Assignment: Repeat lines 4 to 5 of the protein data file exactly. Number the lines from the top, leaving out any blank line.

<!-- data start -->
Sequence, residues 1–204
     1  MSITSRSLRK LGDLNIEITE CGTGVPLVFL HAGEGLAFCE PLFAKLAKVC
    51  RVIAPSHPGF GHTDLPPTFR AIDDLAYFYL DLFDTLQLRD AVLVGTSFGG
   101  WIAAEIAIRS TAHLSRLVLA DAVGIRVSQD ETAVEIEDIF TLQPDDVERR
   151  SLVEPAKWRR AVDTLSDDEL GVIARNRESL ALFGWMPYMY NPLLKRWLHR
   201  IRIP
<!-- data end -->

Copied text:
   101  WIAAEIAIRS TAHLSRLVLA DAVGIRVSQD ETAVEIEDIF TLQPDDVERR
   151  SLVEPAKWRR AVDTLSDDEL GVIARNRESL ALFGWMPYMY NPLLKRWLHR